I find I like it. I’m sure that as I get to know them better, their insecurities, their prejudices, their worries, the stresses of divorce, of relationships on the job, in the village, with their spouses and children, their frustration and anger with their government and the world situation, will emerge, just as it does with all humans. Here, they seem to know that all this is in fact, part of being a human, part of life everywhere on the planet and at every time. Although it is an outrage, it doesn’t seem to be surprising. Life goes on. Watch the game. As a man wrote on the chalkboard of the Cafe de Fa, “Cocorico, la France!” “The coq is crowing! Wake up France!” Yes, but they are already more awake to the extremity of our human situation than the Americans, where the urgency gets more extreme by the moment. Many French people believed that the results of our last election would cause a general uprising and a re-creation of our democracy. Yes, that was the possibility. Is it still? Cocorico Etats-Unis!
Barcelona. Yesterday we spent the much of our day in the beach area of the city, a neighborhood unto itself, Barcoloneta. There the sense of living by the sea infects even the inner neighborhood, removed from the flow of tourists and natives of the city making merry on the beaches. The residents seem to know they are breathing sea air, that the blue of the Mediterranean is just a few blocks on the other side of the high rises.
From the Metro station, we strolled down the wide, palm-lined avenue, with all its tempting restaurants offering fish, tapas and paella, down to the harbor we’d seen the evening before, to the wide, stone-paved parks with magnificent views of the ocean, the cable car up to the nearby hill and the luxury hotels. There next to the beaches people strolled along with us or sat in the shade where tall trees with ferny leaves were dropping their golden-orange flowers to lie like pools of light on the patterned stones.
Then onto one of the wide-spreading beaches, set off from one another by stone breakwaters. The water was astonishingly clear, closer to the color of the water of the Atlantic on the Algarve than to the waters of the posh beaches of the Costa del Sol. The water was so tempting and the atmosphere so free that I took off my shirt and pants and went in for a long and beautiful swim in the calmly lapping waves in my black bra and panties. No one even gave me a sideways glance. We sunned and slept for awhile and bought a watery Mojito and a beer from the beach hawkers in tribute to my son-in-law and daughter, who before they were married, spent a summer hawking coffee and pastries on the beaches of Montpellier.
Completely happy and relaxed, we wandered up into the neighborhood for lunch and found a little place in a small plaza next to a schoolyard. As we waited for our grilled salmon plate with roasted vegetables and salad with ficelles, we drank white wine and Estella Damm beer and watched the life of the neighborhood. A Muslim mother in headscarf sat with her twelve-year-old son in the shade, seeming to wait out the lunch hour during one of the final days of Ramadan while children played in the schoolyard on the other side of the wall.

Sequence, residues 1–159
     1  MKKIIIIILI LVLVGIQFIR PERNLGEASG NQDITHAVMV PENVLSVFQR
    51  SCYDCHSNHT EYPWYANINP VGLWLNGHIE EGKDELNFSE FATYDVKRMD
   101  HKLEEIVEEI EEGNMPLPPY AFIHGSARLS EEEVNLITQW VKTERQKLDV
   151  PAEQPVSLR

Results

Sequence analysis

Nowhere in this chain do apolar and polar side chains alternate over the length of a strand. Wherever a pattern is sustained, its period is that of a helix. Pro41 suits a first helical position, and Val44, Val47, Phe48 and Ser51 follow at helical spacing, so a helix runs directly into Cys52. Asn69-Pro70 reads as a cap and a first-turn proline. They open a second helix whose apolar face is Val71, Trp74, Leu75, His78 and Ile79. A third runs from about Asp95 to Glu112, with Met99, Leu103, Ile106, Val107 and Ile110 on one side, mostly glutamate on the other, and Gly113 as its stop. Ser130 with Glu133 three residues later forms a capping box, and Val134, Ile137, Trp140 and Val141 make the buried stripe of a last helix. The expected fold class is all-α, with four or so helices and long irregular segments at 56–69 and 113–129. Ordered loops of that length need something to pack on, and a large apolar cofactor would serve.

As I watch this calm scene, loud voices suddenly erupt in the small street running alongside the plaza next to the doors of apartment buildings and small shops. A man on a small motorcycle, a woman with long blond hair on the seat behind him, seems to have run into the back of a small white delivery van. The van driver, young, tall and muscular has gotten out and is yelling at the man on the motorcycle, fist raised in the air. The woman has dismounted from the seat on the back of the bike and taken off her helmet, hair cascading down, uncertain what to do. A few men from the shops have come to try to calm the situation, but it continues to escalate, the man on the motorcycle evidently protesting his innocence in louder and louder voice. Since he is smaller than the van driver, the situation seems precarious. Two tall older men physically intervene and seem to suggest to the man that he calm himself, be reasonable and get insurance information from the motorcycle driver.
Walter walks calmly over to the street near them, making a wide circle on the periphery, to see if his assistance might be needed. As he sits there, watching, a man who seems to be an official appears, the situation seems to come to a very uneasy resolution and the van driver gets in and drives around the corner, in front of our restaurant. But he’s only waiting for the man on the motorcycle who foolishly comes around the corner in the same direction. The argument resumes and the men from the neighborhood have to intervene again. The people sitting with us in the cafe have tried to ignore the whole thing but now look in the direction of the dispute which has now moved to a closer stage. They laugh and comment to each other in Catalan. Eventually, both men drive off, perhaps to revenge themselves around some unseen corner.
Our lunch comes after some time on this beautiful day. We eat with relish and walk back towards the Metro station, past the park we love that stretches with its rows of majestic palms from the Arch de Triumphe at one end to the statue and zoological park at the other.